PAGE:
But as impressive as the Duplex phone recording is, we have to take the company’s word for it. Google declined to do a live demo of the call during my briefing.
That personal touch
If the goal is for the Assistant to be Google personified, it still has a lot of evolving to do.
So far, Google’s helper — and honestly, Alexa, Siri and Cortana, too — haven’t lived up to their promise.
“We’re still developing this technology, and we’re actually working hard to get this right,” Pichai said in Tuesday’s keynote presentation at Google I/O. “We have many of these examples when the calls don’t quite go as expected. But the Assistant knows the context and nuance. It knew to ask for wait times in this case, and it handled the interaction gracefully.”
If Google ever decides to expand the Duplex technology to Google Home and other consumer-facing products, that could change. Based on the short conversations I heard, it could feel like you’re talking to an administrative assistant at the office or maybe even Samantha, the OS from the Spike Jonze movie Her.
Of course, Google wasn’t the first to the assistant market. Amazon, in a coup, surprised the world in 2014 when it released its Echo smart speaker, given voice by its Alexa software. For right now, smart speakers remain the best-known way to interact with a digital helper, and Amazon owns 69 percent of the market in the US. Google Home, released in 2016, has 31 percent, according to CIRP, a research firm.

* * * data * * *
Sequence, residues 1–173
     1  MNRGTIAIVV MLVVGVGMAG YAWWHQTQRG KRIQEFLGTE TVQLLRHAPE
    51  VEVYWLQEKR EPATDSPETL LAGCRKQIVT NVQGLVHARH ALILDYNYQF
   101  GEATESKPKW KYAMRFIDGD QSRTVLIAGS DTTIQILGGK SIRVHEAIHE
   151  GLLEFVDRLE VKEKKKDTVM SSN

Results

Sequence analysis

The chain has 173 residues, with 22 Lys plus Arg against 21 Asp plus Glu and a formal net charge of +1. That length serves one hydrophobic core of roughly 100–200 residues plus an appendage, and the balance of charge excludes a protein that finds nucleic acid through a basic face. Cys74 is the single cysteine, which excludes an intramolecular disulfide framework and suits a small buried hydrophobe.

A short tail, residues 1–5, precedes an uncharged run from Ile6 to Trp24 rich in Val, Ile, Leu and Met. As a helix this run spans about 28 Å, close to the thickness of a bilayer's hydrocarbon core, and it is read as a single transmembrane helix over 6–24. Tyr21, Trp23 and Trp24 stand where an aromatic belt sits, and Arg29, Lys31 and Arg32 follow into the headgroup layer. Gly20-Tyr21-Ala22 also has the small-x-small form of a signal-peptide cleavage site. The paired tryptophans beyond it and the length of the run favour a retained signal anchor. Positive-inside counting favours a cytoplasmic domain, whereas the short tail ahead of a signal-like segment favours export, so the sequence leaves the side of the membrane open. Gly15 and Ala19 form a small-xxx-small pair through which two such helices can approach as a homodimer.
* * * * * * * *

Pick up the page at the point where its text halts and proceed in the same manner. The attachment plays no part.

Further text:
Both Google and Amazon have been beefing up their product lines. Last year, Google introduced the $40 Home Mini and $400 Home Max, with high-end audio. Amazon has 10 Echo products, ranging in price from $40 to $230. Apple joined the battle in February with the $350 HomePod.
But there’s potentially bigger money to made when digital assistants connect with the internet of things — controlling everything from your car’s dashboard to your washing machine to your light switches. People will spend $1 trillion on the internet of things by 2020, according to Gartner.
That’s why Google has been working hard to catch up. Today, the company announced that 500 million devices have shipped globally with the Assistant on them, including speakers, phones and TVs. Google also said the Assistant can speak in 30 languages and will be in 80 countries by the end of the year, including seven new ones: Denmark, Korea, Mexico, the Netherlands, Norway, Spain and Sweden. Amazon’s Echo is also available in more than 80 countries.
And last week, Google said the Assistant now partners with 5,000 household connected devices, up from 1,500 in January. That’s an improvement, but still less than half of the 12,000 Alexa-enabled devices.
Google’s Fox tries to downplay to the rivalry with Amazon.